He wanted to meet Konrad Wulff.
Konrad yawned and stretched. Paulina had asked to meet in the green space off Wayfarer Street, near Castilla Estates. Penny was stationed on a southern building’s rooftop looking down on the mini-park. She was scanning the area with her sniper rifle. James was crouched a few dozen meters from the park bench Konrad sat on, watching, waiting.
Paulina finally arrived. She had her hair down, make-up applied, and she wore an outfit that complimented her figure. Konrad had sensed at their first meeting she was more attractive than she liked to let on. He had no idea just how stunning she could be. Penny whispered through the earpiece that she was recording everything.
Konrad took the hint.
Paulina shook his hand and settled on the bench next to him. Her hip touched his. Konrad shifted to get some distance. Paulina’s perfume was high-end, keyed to her DNA. It was intoxicating. The lack of sleep was getting to him.
Konrad studied Paulina’s face, saw the strain despite the make-up. He asked her what she wanted. She turned and leaned even closer to him. Her breath was sweet, fruity. She told him what had been happening to RPC, to her.
It was the same story Mariel had told.
Paulina took his hand in hers and begged him to help her. She pulled his hand between her breasts and squeezed it earnestly, pleading, worrying aloud about her sanity.
Penny whispered the hi-res optics on her sniper rifle scope were phenomenal.
Konrad pulled his hand free and told Paulina that Aegis would take the case, but he needed more data. He wanted access to RPC’s systems. Paulina agreed without hesitation.
Konrad worried for a moment. Paulina had been every bit as secretive about RPC’s operations as her husband and Thomas Rackers.
Paulina offered to pay for Aegis’ assistance however Konrad saw fit. Konrad ignored the suggestive look she offered and thought back to the case they’d taken for RPC. Paulina had lost her husband. They’d been doing cutting edge MMI—Man-Machine Interface—research, awareness transfer. He guessed they were working on proxies, remotes, maybe other applications for a metacorporation.
Risky stuff, and they’d been very, very close. But Harry Cho had died. Whatever they’d come up with wasn’t foolproof.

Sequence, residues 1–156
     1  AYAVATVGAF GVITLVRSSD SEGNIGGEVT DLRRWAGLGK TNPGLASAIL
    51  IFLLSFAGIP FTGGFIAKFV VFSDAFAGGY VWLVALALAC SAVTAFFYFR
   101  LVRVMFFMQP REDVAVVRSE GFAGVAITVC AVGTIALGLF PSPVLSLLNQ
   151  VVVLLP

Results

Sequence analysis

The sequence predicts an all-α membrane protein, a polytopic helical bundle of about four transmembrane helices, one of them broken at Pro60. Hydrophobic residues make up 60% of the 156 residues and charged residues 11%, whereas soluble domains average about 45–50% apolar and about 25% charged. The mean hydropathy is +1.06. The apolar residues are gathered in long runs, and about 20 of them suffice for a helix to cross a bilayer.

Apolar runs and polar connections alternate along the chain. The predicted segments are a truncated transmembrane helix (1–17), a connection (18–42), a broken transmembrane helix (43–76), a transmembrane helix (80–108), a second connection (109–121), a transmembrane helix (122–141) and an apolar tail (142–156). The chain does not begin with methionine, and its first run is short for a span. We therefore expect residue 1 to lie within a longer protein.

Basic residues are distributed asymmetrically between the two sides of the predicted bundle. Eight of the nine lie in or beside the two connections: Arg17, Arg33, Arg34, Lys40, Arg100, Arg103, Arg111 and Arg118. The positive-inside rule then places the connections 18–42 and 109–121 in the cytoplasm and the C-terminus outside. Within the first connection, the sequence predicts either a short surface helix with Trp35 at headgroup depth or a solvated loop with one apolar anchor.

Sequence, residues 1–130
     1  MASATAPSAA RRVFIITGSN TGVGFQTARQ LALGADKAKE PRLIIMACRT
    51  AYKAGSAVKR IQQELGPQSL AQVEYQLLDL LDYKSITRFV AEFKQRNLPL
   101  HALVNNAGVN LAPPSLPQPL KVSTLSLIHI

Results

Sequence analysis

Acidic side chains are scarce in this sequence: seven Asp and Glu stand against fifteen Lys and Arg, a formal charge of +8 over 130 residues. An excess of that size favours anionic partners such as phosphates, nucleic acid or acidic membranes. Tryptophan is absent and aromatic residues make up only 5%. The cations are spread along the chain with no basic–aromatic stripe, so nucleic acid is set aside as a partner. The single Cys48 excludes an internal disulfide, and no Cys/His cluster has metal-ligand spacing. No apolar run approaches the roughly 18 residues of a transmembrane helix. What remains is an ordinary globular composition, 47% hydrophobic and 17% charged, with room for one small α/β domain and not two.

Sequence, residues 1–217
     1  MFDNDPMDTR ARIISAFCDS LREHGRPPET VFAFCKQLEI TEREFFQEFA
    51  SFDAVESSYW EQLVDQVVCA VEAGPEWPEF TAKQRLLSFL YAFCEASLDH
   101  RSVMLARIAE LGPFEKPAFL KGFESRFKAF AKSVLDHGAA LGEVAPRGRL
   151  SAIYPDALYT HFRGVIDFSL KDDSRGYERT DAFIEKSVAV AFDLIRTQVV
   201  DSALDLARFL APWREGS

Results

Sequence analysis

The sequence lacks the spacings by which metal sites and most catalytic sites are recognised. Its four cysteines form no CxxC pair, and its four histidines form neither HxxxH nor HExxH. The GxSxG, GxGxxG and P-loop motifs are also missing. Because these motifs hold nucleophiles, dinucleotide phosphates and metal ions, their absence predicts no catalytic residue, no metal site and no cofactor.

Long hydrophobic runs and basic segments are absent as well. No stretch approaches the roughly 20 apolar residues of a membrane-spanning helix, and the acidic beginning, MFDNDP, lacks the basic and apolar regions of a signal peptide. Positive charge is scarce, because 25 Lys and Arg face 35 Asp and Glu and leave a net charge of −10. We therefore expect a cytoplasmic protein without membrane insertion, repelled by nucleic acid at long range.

Konrad told Paulina Aegis would expect the conventional rates and promised to send her a contract, then he left her.
By the time Konrad walked past James’s hiding place, he was gone. Konrad met Penny at the Aegis crawler. They discussed the case’s disturbing elements as they drove back to the Catalonia Building. The only thing Penny said about Paulina was that she had no idea Paulina was so pretty. Konrad wasn’t sure if that was a threat or an observation. He left it alone.
No sooner had they settled into the apartment and started to share the meeting with Mariel than Konrad’s security probes detected a new hacking attempt. He traced the origin and realized there was a man at the apartment door, trying to overwhelm the authorization system.
Konrad pulled out his weapon and told Mariel and Penny to take up positions watching over the door. Jack went to the door and messaged the man there to stop trying to gain entry. The man agreed.
Konrad opened the door and Kasima took a quick measure of him. Konrad was handsome enough, armed, and had a twinkle in his eyes that said he was no one to be trifled with. Kasima tested Konrad’s mental strength. Konrad pointed the pistol at Kasima and told him to stop. Now. Mariel and Penny showed themselves and pointed their guns at him.
Konrad waved Kasima in and closed the door behind him.
The next hour was an exchange of information. Kasima laid out his history and what happened to Jack (filtering out some damning moments). Konrad laid out his and Aegis’ history (filtering out some damning moments).
Ultimately, everyone agreed they should be working together. Kasima’s computer skills rivaled Konrad’s, and whoever was hacking them was better than either of them.
Konrad had a sinking feeling the RPC case was the core of their problem.